Business professionals advance God’s kingdom

FORT WORTH, Texas (SWBTS) – Missions experts at Southwestern Baptist Theological Seminary said that the kingdom of God can be advanced through the efforts of business professionals who serve around the world. Southwestern’s Richard Land Center for Cultural Engagement hosted its first Kingdom Professionals Conference, Oct. 25-26, where professionals learned about strategies for using business as a platform for missions worldwide.
 
“This is the point of the spear. This is very innovative,” one expert* said during the conference. And William Goff, professor of ethics at Southwestern and former Southern Baptist missionary, agreed. This conference, he said, presents information “on a cutting edge effort”—commonly called “business as missions”—“for penetrating areas of global lostness.”
 
“This conference,” Goff added, “is about enabling the IMB to have contact with business people, students and faculty who are interested in this global marketplace initiative.”
 
For many years, he said, businesses from the United States have engaged the international marketplace, and experts have only recently considered how Christian professionals can make an impact for Christ through their business endeavors. But the challenge, Goff said, is “how to do this effectively and productively.”
 
According to experts who presented at the conference, effective “kingdom professionals” must be adequately equipped for and called to the professional tasks they are using as a platform for missions. They must gain both physical and legal access into the countries where they desire to serve. Their businesses must be legitimate, cost-effective and beneficial to the community and should provide professionals with opportunities to engage people with the Gospel.
 
Professionals can gain access to the world, experts said, through tourism, agriculture, business, restaurants, disaster relief, water filtration, mechanics and medicine, as well as many other venues.
 
“It comes in a thousand different ways,” Southwestern President Paige Patterson said during chapel, Oct. 26. “Here is the opportunity in China for a godly dentist to set up a practice that would enable him to work in the upper echelon of the Chinese people and through that dental practice, to meet the needs of people who would never hear the Gospel in any other way.”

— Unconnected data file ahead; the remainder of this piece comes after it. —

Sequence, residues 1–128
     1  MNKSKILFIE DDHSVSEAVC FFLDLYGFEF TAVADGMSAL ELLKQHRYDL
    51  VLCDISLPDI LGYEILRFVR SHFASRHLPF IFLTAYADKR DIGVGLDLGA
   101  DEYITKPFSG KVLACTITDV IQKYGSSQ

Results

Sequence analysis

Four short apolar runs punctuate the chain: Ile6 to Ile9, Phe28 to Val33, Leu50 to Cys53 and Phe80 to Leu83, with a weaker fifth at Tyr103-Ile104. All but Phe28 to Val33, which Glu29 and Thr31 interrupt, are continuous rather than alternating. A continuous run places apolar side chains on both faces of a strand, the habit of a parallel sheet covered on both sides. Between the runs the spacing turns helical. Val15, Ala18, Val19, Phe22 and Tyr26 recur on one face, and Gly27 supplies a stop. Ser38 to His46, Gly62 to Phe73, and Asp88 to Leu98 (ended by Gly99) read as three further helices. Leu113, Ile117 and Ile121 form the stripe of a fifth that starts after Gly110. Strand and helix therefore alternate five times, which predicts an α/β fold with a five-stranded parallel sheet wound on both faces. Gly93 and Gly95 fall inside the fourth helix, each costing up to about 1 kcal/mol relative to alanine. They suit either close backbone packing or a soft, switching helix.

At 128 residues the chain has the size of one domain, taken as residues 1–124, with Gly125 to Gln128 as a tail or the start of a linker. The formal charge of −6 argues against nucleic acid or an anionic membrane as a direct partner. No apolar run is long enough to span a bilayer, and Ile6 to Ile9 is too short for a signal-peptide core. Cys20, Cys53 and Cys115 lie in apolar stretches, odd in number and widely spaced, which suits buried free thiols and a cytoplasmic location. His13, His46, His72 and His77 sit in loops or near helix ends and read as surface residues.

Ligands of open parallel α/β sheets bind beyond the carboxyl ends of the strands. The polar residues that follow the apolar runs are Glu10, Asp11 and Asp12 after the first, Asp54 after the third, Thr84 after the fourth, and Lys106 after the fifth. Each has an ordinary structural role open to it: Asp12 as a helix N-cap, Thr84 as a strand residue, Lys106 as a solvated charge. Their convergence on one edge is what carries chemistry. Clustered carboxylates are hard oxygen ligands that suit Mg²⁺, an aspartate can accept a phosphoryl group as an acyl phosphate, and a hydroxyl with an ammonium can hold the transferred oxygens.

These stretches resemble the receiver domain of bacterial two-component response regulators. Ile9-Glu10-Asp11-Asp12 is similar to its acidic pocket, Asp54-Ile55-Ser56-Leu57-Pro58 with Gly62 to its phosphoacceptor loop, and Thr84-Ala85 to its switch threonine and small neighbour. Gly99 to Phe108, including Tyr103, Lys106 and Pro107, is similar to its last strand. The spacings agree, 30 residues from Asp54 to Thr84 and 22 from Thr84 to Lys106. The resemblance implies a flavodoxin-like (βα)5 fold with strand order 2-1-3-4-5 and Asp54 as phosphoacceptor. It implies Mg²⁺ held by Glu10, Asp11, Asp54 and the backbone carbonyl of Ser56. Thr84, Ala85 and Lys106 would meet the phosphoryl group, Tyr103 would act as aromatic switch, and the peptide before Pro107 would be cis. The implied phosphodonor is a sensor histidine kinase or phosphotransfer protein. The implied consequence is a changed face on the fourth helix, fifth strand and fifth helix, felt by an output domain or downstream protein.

“But, you know it has always occurred to me that the dentist has the perfect situation,” he quipped. “When your mouth is full of all that paraphernalia, you cannot leave. You cannot protest. All you can do is just sit in the chair and listen. What a marvelous opportunity for godly Christian dentists to share the Gospel of Jesus Christ."
 
Although Southern Baptists must always send out career missionaries to proclaim the Gospel and nurture churches until they “grow to full spiritual maturity,” Patterson urged the future pastors attending Southwestern “not only to call out the career missionary but also to call out those who will go to countries of the world in business and through that business share Christ with people that the career missionary might never reach.”
 
During a later session, Gordon Fort, vice president of the International Mission Board’s Office of Global Strategy, called churches to stop dabbling in Great Commission endeavors and to enter wholeheartedly into the “spiritual war” that covers this globe.
 
“There is a global war taking place, and while you may be looking forward to having a crown one day, on this side of eternity the only thing that you get is a helmet,” Fort said. “But I’m not convinced that we as the church have made up our mind to go to war. I think we’re dabbling. I think we’re playing. I think we sit comfortably, and we think we have plenty of time to get involved in this war.”
 
In every war, Fort said, there are casualties, and his concern is for the casualties of those who have never heard—and may never hear—the Gospel.
 
“I’m concerned about the people in our world today,” he said, “who have no hope because there is not even the shadow of a cross in their communities. There is no Scripture in their language. There are no churches in their villages. There is not even one believer in their extended families.”
 
According to Fort, Christians must engage people in the Gospel by all possible means.
 
“I hope that you have been captured by the idea, by the possibility, by the concept that sitting out amongst our churches … is an asset that, to this point, we have not really utilized to its potential,” he said. “Sitting out amongst our constituents are people with incredible gifts and skills and ability in the professional world.”
 
Many of these “kingdom professionals” have been informed for years that missions is only for the seminary trained, Fort said. They believe that, as businessmen, doctors, school teachers and agriculturalists, they can play no part in this global spiritual war.
 
“And I beg to differ,” Fort said, praying that “kingdom professionals” will act upon the Apostle Paul’s words: “I have become all things to all men, that I might by all means save some” (1 Cor. 9:22).
 
*names have been omitted to protect those serving in secure locations

 

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